Rating: 3.5/5

Easy Mid-Week Dinner: Rosemary Chicken with Vegetable Stack

My hubby and I are trying to eat healthier, aka. more colours on our plate.  We came up with this.  It looks pretty, is easy to whip up (everything in the oven) and tastes surprisingly good.  Oh, and it’s the first time we used the rosemary from our little rosemary plant! 🙂  I’ve separated the recipe into chicken and then vegetables – in case you want to cook one and not the other.

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Rosemary Chicken

1. Buy a pack of thigh cutlets with skin on (approx 6 in a pack). (We find that you can only get this at Coles and not Woolies).

2. Preheat oven to 170 degrees C.

3. Place the thigh cutlets in a roasting tray.

4. Drizzle with olive oil and sprinkle with rosemary (I tore the leaves off roughly from the stem), salt and pepper (don’t be too stingy).  I imagine the results would be better if you massaged the oil and salt and pepper into the thigh cutlets, but I didn’t cause I was a bit lazy and it still worked well.

5. Put it in the oven, and roast until golden brown (approx 30 minutes?)

Vegetable Stack

1.  Preheat oven to 170 degrees C.

2. Slice eggplant, capsicum, roma tomato and sweet potatoes into thickish round discs.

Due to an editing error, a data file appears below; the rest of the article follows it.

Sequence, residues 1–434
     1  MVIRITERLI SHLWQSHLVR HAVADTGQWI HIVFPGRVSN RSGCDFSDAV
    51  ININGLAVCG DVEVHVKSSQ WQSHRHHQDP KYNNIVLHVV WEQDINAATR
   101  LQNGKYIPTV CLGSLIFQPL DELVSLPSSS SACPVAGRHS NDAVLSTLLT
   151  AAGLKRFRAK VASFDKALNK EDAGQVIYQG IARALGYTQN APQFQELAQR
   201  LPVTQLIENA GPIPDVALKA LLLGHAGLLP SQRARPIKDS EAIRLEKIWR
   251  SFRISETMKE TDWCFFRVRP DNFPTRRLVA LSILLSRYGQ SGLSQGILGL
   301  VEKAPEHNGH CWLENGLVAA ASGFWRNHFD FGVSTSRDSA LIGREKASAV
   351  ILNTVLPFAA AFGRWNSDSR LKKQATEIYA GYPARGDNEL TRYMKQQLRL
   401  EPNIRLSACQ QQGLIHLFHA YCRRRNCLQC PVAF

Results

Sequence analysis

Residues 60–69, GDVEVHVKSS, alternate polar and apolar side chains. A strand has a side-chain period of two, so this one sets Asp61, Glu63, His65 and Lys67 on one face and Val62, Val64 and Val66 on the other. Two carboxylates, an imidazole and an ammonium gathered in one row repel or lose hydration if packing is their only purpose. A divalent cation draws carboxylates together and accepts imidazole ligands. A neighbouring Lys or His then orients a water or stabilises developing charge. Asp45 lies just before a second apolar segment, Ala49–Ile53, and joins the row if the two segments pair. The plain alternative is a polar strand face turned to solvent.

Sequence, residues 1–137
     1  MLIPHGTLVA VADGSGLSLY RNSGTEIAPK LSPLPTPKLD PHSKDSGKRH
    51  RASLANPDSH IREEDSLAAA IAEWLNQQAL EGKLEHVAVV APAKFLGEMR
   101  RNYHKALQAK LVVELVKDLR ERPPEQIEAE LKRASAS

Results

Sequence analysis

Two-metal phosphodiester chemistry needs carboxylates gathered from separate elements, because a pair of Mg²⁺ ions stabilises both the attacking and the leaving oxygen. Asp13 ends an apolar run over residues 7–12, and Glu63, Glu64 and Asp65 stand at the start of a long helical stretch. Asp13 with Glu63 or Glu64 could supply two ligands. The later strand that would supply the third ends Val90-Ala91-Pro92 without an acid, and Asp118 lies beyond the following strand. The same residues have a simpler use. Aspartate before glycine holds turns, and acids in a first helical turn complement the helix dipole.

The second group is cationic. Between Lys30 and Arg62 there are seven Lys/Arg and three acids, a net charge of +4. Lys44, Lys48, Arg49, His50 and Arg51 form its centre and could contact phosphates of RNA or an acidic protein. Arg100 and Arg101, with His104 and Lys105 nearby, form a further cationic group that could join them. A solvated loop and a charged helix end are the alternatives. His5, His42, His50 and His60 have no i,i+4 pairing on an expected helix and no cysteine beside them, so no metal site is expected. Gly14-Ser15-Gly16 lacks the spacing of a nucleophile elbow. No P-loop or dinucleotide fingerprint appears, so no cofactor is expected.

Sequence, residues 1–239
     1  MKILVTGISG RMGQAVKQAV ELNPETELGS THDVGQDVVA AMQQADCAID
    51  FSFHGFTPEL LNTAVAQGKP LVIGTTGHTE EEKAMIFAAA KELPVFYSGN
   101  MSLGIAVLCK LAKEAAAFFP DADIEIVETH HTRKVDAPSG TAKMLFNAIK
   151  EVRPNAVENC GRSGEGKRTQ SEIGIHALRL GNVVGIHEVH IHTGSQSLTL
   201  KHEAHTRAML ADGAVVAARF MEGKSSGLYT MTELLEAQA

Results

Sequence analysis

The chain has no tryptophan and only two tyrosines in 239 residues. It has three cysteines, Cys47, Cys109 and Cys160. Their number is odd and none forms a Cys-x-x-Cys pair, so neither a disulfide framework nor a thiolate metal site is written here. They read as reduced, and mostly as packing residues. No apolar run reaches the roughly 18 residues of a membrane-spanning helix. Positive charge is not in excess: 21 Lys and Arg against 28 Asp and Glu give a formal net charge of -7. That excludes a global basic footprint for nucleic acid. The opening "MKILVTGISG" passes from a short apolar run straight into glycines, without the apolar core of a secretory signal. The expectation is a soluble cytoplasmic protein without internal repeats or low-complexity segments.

3.  Line baking tray with baking paper, and place vegetables on top (don’t overlap).

4.  Drizzle with olive oil and salt and pepper.

5.  Bake in the oven, until it looks done! (approx 15-20 minutes?)

6.  Stack them all on top of one another 🙂 You can garnish with basil / other herbs if you wish, but I didn’t.

 

Easy Peasy Chicken Soup (to fight off the flu)

Melbourne weather is doing its darn thing again – hot one minute, cold the next.  Thanks to this wonderful up-and-down, the flu is ripe.  A few days ago, I had a scratchy throat.  My hubby had a headache.  And bubba had a runny nose.  I’m hoping that we can stop this nasty cold/flu in its tracks, before we all come down with the full-fledged version.

And so, we tucked into this VERY EASY chicken soup.  It’s adapted from the Rachael Finch website; she’s got some great healthy recipes on there.  This recipe makes use of only a few ingredients and you can put it on the stove a few hours before dinner time and tadaaaa dinner is ready (ie. you don’t have to cook during bubba’s fussy hour).  Brilliant.  It also doesn’t make use of chicken stock – so it’s more like a bone broth which I think is even better for you.